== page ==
The Generator Improvements Rule (Federal Register Volume 81, Issue 228 , November 28, 2016) includes some new elements to the RCRA – some of which are more stringent compared to the existing rules and some less stringent. The rule modified the Federal rules under RCRA and therefore has direct affect on hazardous waste generators located in States that have not been delegated RCRA authority (Iowa and Alaska), some other areas, including Tribal lands and States that have incorporated portions of the RCRA rules by reference into their authorized programs. Some of the key new requirements include:
New Generator Category – Very Small Quantity Generator
The Hazardous Waste Generator Improvements Rule includes a new generator category, Very Small Quality Generator (VSQG) which replaces the previous Conditional Exempt Small Quantity Generator – CESQG. This change was intended to eliminate some confusion where some small generators believed the CESQG designation exempted them from all RCRA rules, which it did not. It also acknowledges the fact that rules applicable to SQGs and LQG technically exempt them from some parts of RCRA also.
Re-Notification For SQGs
Under the existing RCRA rules, hazardous waste generators required to obtain an EPA ID number must submit a one-time notification to US EPA or the authorized State. The Hazardous Waste Generator Improvements Rule requires that SQGs re-notify the agency once every four years. The first re-notification will be required in 2021.
Episodic Hazardous Waste Generation
One of the persistent issues for hazardous waste generators has been when short term spikes in hazardous waste generation elevate facilities to a higher generator class, resulting the requirement to meet additional generator requirements. The Hazardous Waste Generator Improvements Rule addresses this issue by creating another type of waste generation – episodic hazardous waste generation.
Two types of episodic hazardous waste generation are created – planned and unplanned. Planned episodes, as the name suggests, can be planned ahead of time and include activities such has facility cleanups, obsolete inventory disposal, demolition projects, etc. Unplanned episodes include spills, fires, and other emergency incidents. Under the new rule, hazardous waste generated during these events will not count against monthly waste total and will not change generator status, if conditions are met.
Generators taking advantage of this option will be limited to one event per calendar; with opportunity to petition for one additional unplanned event in the same year.
For planned events the generator must:
- notify agency at least 30 days prior,
- identify start/end dates (60 day max),
- have EPA ID #, and
- ship within 60 days using a hazardous waste manifest.
For an unplanned event the generator must notify agency within 72 hr after incident. For either type of episode, the generator must label wastes “Episodic Hazardous Waste” and identify hazard characteristic (example, corrosive, flammable). Episodic waste totals are not added to monthly facility total; separate records must be kept of episodic wastes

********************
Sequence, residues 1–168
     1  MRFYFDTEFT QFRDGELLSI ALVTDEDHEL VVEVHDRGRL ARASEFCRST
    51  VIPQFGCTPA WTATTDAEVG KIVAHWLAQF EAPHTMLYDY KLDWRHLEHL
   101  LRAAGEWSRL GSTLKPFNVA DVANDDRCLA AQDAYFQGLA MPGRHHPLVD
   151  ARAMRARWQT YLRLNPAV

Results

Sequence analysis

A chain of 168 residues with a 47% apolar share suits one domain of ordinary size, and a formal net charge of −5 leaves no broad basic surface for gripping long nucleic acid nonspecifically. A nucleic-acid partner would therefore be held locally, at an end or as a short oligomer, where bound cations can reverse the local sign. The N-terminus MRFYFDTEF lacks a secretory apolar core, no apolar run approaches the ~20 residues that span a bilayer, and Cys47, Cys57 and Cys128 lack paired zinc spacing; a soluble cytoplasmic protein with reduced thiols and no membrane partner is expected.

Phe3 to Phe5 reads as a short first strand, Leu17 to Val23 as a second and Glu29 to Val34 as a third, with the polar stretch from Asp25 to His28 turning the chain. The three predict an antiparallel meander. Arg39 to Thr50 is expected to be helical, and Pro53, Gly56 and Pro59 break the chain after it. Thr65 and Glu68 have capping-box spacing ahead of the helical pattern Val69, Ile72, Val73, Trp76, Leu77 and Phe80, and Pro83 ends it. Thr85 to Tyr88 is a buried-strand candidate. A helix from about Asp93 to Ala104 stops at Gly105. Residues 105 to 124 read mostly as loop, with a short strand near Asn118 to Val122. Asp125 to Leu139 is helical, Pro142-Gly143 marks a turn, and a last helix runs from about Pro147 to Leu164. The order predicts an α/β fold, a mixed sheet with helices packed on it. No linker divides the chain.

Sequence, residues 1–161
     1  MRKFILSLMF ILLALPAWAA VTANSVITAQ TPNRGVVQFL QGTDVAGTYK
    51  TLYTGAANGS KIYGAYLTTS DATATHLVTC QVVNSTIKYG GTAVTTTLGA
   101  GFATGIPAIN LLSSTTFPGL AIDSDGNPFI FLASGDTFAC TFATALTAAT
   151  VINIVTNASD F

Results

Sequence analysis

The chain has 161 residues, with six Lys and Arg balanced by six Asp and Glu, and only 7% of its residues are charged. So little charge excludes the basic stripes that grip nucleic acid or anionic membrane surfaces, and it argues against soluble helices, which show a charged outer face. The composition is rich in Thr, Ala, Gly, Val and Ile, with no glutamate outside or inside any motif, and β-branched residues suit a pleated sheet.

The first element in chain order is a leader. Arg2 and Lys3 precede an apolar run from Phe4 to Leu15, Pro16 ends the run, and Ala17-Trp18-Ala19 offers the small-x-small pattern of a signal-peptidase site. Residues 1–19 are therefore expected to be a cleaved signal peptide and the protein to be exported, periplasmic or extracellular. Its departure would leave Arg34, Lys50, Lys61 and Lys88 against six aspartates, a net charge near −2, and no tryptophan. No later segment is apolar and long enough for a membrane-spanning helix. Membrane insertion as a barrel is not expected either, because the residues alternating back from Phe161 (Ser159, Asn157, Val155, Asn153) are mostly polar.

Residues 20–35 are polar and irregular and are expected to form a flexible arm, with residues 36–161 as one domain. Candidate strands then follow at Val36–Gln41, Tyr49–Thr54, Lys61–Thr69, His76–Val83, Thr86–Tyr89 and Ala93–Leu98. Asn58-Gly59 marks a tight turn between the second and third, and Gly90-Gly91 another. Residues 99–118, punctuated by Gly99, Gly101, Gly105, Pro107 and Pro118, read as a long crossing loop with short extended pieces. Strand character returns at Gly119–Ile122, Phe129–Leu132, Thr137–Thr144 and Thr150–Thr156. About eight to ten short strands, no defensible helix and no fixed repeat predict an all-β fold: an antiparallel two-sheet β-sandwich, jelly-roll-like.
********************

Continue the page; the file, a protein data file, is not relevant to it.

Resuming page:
Changes To Hazardous Waste Labeling
The Generator Rule makes one additional requirement for labeling on hazardous waste containers. All tanks and containers must have a label identifying the specific hazard, such as corrosive or flammable.
Requirements For RCRA Contingency Plan
The new EPA rules modify some of the requirements for Contingency Plans maintained by LQGs:
- Eliminated requirement to include personal information (home phone, address) for emergency coordinators in Plan,
- More flexibility on location of emergency equipment,
- May not need to be at point of generation/storage, and
- More flexibility on posting emergency contact information
Lastly, new LQG facility will be required to prepare and submit Executive Summary document with eight required elements. This Executive Summary is intended to provide emergency responders rapid access to key information in the Contingency Plan, rather than sifting through a lengthy plan to find the information.
Because some of the new requirements are less stringent than current EPA rules, authorized States will not be required to add the rule changes to State rules. Only three revisions are more stringent than existing rules:
1. Requirement for SQGs to re-notify every four years,
2. Addition of label identifying hazard on hazardous waste containers and tanks, and
3. Requirement to prepare an Executive Summary document as part of a RCRA Contingency Plan.
All other elements of the Hazardous Waste Generator Improvements Rule are left to the discretion of the State agency to include or not, or are additional clarifications of existing rules and require no action by State agencies.
Caltha is currently assisting hazardous waste generators in updating training materials and providing focused employee training sessions to cover these new requirements. For more information go to Employer’s Environmental Health and Safety Training Center.
Federal Register Volume 81, Issue 228 (November 28, 2016